Tables in Excel

July 24, 2019

It's all a table

When you first start using excel you sort of get this idea that each sheet is it's own table. This isn't really the case. Here I will go over what an excel table is, how to create them and benefits of using a table.

What is an Excel Table?

An Excel sheet is comprised of a range of cells. These cells are typically formatted to allow users to easily view data and focus the eyes on what's important (what to look at first). If all data is formatted the same way it makes it difficult to read the information. When we format the data we start to get closer to creating an actual table. But formatted data does not provide any other benefit to the information other then the visual benefit.

Take a look at the image above. Both tables are the same yet it's easier to read the one below. Why? You're eyes are drawn to the information because it has contrast. Most excel sheets typically stop here because it's not necessary to adapt more. However, the next step to being close to a actual table within the sheet, is to add some filters.

Filters allow you to sort remove and organize the cells according to categories. To setup a filter you can either use the Shortcut by selecting the range of cells to filter and then use Crtl + Shift + L to turn on or of filters. The other way would be to select the cell range and click on the filter button from the Home menu bar.

Within the above cell range you can quickly re-organize the cells according to price rather then item #. This is done by selecting the drop-down menu beside the column that you would like to adjust. You man also want to query/filter the data for a specific Item. Like only items below $100.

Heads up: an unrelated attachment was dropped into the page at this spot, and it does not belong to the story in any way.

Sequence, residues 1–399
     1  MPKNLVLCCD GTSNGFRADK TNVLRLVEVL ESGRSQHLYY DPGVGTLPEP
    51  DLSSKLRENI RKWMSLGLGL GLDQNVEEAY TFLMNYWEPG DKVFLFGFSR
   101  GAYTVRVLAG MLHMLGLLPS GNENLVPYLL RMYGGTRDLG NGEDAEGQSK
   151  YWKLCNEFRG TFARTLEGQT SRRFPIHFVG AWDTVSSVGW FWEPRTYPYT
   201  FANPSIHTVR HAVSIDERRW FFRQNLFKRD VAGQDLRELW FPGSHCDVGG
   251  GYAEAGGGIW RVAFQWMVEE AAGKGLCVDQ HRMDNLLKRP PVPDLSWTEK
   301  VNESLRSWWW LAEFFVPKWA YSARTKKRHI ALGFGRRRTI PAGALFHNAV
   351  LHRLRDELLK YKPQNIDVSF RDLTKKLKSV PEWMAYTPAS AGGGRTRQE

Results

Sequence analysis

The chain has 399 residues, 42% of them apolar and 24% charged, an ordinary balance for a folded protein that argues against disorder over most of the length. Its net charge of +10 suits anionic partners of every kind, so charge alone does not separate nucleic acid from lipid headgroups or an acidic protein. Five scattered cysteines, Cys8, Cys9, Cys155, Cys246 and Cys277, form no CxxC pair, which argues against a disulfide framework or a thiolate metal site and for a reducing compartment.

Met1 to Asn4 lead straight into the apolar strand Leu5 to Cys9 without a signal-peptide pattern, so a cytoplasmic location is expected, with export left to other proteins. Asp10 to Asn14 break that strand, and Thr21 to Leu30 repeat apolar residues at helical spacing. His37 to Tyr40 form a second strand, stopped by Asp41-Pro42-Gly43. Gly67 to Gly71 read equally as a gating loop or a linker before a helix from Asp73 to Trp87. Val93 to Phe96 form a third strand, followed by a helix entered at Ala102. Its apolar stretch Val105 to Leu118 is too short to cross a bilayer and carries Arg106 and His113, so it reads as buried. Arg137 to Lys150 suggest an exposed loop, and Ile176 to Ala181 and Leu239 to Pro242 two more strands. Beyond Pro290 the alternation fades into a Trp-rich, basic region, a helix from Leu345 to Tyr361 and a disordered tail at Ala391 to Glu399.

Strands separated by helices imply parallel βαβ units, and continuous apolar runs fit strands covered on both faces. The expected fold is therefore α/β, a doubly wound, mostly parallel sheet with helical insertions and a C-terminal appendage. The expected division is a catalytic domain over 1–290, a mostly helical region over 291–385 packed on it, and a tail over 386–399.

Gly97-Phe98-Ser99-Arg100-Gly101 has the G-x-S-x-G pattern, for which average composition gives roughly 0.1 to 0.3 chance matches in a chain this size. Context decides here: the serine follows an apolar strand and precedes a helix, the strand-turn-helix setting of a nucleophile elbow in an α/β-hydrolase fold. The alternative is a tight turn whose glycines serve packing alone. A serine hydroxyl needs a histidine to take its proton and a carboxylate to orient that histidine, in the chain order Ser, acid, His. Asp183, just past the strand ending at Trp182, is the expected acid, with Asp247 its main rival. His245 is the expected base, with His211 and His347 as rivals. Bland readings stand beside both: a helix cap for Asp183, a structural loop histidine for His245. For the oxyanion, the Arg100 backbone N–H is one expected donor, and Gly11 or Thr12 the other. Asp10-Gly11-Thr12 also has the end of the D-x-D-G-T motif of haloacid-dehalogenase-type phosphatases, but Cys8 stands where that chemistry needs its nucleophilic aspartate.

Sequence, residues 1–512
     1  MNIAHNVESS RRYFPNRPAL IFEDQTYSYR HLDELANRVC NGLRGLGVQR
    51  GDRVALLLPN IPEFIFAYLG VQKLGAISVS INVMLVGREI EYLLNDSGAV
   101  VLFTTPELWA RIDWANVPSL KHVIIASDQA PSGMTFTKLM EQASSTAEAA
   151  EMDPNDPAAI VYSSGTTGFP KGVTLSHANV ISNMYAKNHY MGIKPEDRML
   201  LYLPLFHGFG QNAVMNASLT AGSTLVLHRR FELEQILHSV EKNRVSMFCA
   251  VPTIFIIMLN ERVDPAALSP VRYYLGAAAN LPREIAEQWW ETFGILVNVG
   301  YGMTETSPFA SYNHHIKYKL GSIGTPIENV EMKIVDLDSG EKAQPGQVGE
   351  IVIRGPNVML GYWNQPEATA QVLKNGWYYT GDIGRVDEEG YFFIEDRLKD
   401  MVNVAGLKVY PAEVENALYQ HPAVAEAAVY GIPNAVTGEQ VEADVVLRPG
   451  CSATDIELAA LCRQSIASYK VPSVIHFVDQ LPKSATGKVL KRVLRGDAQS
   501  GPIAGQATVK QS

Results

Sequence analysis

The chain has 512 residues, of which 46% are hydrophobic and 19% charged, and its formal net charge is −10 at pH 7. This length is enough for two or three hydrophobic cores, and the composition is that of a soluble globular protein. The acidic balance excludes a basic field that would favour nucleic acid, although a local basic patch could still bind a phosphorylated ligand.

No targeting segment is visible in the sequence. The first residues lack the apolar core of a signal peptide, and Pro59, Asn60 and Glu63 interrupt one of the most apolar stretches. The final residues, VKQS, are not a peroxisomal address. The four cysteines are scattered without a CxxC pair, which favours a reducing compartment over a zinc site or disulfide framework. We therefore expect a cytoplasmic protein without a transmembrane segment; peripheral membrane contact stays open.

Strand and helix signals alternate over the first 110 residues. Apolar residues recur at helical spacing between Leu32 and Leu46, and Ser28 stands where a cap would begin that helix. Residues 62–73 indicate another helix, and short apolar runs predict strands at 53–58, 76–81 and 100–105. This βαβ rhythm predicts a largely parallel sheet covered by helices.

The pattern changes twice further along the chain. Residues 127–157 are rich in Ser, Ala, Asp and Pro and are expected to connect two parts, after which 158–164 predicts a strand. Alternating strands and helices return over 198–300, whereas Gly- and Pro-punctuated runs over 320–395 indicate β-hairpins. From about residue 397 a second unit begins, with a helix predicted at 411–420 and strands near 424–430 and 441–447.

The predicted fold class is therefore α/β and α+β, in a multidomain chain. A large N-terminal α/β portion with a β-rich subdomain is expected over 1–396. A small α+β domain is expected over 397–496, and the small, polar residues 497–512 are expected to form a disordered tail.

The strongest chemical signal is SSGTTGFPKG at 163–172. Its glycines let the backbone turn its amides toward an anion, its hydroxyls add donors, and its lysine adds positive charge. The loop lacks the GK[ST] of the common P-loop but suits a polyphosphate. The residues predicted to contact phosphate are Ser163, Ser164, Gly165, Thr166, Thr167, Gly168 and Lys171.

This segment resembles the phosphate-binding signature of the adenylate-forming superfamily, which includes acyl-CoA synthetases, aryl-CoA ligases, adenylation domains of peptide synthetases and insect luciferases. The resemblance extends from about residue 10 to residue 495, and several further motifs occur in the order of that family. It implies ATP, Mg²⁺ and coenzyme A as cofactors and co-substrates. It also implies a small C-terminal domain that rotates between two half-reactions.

In this exampled, I resorted the data according to price and only show items below $100.

If you perform the same task you may notice that the total column gets filtered out as well. This is either because it was included when creating the filter, the totals do not update. This however works differently in tables, if setup correctly.

Lets now look at actually creating tables.

To create a table simply select your range of cells/data and then hit Ctrl + T or selecting the insert tab and clicking on Table from the tables group.

This will change the selected range into a table. Once your range is a table the first thing you should do is to name your table and update the style to suit your needs.

I typically use the Total row on most cells. But be aware that the formula that is used there is a bit different the just your typical =Sum(E47:E56) the formula it uses =Subtotal(109,[Cost]). There is a slight difference that I have noticed between these. This is only on filtering your table. When you filter and remove/hide items due to filtering the =Sum formula does not account for the removed/hidden cells. While, the =Subtotal(109,###) does.

Good luck and if you have any questions or comments on tables let me know.